We are Moncton, and we are not afraid

We are Moncton, and we are not afraid

A man doesn’t plant a tree for himself. He plants it for posterity—Alexander Smith

Earlier today, Glad Tidings church in Moncton, New Brunswick, dedicated a green space on its property to the memory of three fallen RCMP officers killed in the line of duty June 4, 2014. They were killed by a lone gunman in the city’s north end, where the church is situated.

Aptly named Honour Park, the recreational area offers a circular walking trail, picnic tables, park benches and a soaring, ten foot wrought iron sculpture, designed and created by local blacksmith Paul Fontaine and his son Luc.

(You can watch the news clippings here and here.

Mayor George LeBlanc, Codiac RCMP Superintendent Paul Beauchesne, RCMP Chaplain Rev. Dr. Gary Cowper, and Fundy-Royal MP Rob Moore were present for the event. I imagine it was one of many functions they’ve attended this past week, which marks the one-year anniversary of the dreadful shooting and the subsequent 30-hour manhunt within the city’s north end. Police had asked people to stay indoors while they searched for the gunman, including the youth group of Glad Tidings, which was holding its regular weekly meeting at the time.

But today, in the sunshine and the brisk breeze, I listened to polite applause and gracious speeches. I had a snack or two, chatted with area residents and gave my opinion as a church member to a reporter. Then I wandered around the fledgling park—the grassy areas not yet fully grown in, flower beds spare, entrance trellis not yet resplendent with Virginia creeper. Maple saplings and other large shrubbery have been planted around the perimeter, but it will be decades before they are big enough to provide ample shade.

For a moment, I felt a pang of disappointment that I would not live to see the park in its fullness, when the maple trees are 50 feet tall and the gardens are mature and the wrought iron elements have weathered and require maintenance. Instead, this will be a luxurious sight for my grandchildren.

But it’s all right, for I can imagine what it will be. I looked over my shoulder during the speeches, distracted by the sound of children who were already making joyful noises on the adjacent BMX pump track, completed last fall. How fitting. Their parents looked on, relaxing on a bench while they chatted away. Someone meandered with their dog around the gravel path, gawking at the proceedings.

So I may not be around to see the end result, but I have been privileged to witness the beginning. True, it’s only an urban green space next to a church building, but to me it is a symbol of a community who speaks with a collective voice. By our small investment, we are saying that we respect authority and the rule of law and we respect those professionals among us who make it their job to protect the public at considerable risk. We are not willing to forsake these values because of one delusional person who doesn’t share them.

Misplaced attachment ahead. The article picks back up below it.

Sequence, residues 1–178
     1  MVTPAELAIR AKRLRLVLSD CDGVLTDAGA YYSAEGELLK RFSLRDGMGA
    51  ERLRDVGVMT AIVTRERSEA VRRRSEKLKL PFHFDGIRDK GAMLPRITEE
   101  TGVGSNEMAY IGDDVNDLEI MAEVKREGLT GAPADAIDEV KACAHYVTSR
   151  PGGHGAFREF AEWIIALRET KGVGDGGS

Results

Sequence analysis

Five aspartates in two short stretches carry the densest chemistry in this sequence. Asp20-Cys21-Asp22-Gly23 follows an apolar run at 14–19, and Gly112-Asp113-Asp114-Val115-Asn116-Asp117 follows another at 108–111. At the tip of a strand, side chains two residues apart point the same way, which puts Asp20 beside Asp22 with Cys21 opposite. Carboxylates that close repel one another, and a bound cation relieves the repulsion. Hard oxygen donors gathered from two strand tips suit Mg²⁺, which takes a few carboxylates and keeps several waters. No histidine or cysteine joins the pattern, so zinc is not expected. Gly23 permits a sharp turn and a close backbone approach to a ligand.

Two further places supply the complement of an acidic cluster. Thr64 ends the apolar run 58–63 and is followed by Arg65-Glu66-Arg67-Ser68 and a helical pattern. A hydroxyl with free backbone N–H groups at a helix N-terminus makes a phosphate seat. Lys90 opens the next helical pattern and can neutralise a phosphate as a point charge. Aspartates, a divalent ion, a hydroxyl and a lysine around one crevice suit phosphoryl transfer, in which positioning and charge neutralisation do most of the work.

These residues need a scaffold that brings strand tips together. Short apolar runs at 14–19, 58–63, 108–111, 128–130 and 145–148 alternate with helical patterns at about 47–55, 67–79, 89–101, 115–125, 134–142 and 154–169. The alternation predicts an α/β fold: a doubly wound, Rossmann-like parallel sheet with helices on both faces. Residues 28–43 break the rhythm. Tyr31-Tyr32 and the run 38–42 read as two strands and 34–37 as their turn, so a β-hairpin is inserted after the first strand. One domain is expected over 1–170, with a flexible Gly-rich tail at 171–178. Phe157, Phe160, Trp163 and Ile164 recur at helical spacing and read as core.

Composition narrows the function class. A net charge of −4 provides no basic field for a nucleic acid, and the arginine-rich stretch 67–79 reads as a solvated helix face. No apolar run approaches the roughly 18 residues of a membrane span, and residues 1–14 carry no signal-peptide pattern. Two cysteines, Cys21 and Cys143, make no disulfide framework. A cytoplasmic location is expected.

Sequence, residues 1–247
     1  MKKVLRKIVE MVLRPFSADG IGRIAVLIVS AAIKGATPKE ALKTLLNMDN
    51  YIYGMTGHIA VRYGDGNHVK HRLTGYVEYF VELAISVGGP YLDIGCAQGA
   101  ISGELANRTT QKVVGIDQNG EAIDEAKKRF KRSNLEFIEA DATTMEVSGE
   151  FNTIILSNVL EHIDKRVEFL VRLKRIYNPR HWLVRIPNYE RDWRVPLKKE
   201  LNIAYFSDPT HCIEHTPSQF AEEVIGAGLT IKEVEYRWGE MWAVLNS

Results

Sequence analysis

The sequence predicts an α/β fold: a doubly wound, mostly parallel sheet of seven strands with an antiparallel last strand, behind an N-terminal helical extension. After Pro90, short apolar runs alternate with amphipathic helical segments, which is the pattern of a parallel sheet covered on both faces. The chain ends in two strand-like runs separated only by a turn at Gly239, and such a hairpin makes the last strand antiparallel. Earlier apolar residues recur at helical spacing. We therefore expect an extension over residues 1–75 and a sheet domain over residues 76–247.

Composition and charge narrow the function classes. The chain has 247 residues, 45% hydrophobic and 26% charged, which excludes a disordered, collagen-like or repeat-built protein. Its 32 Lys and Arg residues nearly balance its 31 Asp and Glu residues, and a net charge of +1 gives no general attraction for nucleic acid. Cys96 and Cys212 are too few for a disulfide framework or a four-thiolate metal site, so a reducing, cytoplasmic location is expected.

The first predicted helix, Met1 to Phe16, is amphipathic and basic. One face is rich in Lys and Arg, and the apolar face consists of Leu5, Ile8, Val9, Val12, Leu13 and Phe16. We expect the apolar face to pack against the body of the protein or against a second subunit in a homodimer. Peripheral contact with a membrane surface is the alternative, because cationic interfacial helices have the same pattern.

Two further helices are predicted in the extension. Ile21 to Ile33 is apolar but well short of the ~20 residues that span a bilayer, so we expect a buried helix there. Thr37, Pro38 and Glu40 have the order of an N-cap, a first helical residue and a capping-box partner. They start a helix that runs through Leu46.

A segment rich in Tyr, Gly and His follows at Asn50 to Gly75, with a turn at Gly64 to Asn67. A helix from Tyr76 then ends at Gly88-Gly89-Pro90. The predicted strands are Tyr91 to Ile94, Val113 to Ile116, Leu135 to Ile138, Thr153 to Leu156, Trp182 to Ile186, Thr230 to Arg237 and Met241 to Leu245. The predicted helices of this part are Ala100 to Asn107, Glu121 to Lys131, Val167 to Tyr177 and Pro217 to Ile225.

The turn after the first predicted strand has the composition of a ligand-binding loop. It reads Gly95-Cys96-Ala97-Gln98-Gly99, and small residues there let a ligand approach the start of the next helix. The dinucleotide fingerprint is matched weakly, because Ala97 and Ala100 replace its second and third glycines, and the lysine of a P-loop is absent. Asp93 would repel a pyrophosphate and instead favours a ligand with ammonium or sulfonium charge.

Most importantly, the park is a symbol that our community refuses to give into fear.

In the days and weeks following the shooting, there was much discussion in the news about Moncton’s terror and the loss of innocence that followed. Random attacks happened in larger centres, we thought, not in the isolated, languid Maritimes.

Would Monctonians fear to walk outside from now on, or even wander around the mall? Would we still send our children outside to play? From this moment on, would we become an indoor society?

I say we never will be.

I say we maintain our wonderful lifestyle and improve on it. The creation of Honour Park is an act of faith—the faith to believe that peace and hope and love will always reign and will always overcome the incursions of evil. There is room for prudent vigilance, certainly, but not the kind of anxiety which forever shackles us to our living rooms with the curtains drawn.

People still care about each other and we are still community-minded.

So, dear Moncton readers, please visit Honour Park. Sit on a surprisingly comfortable wrought iron park bench and read in the sunshine or walk the dog (don’t forget to pick up the poo). Have a picnic, or bring your bikes and show-off your pump track skilz. Be thankful for those who paid the ultimate price so you could enjoy this simple human activity.

In this way, regardless of your religious affiliation (or lack thereof), I believe such actions will serve as your act of faith, too.

 

About The Author

Rhonda Herrington Bulmer

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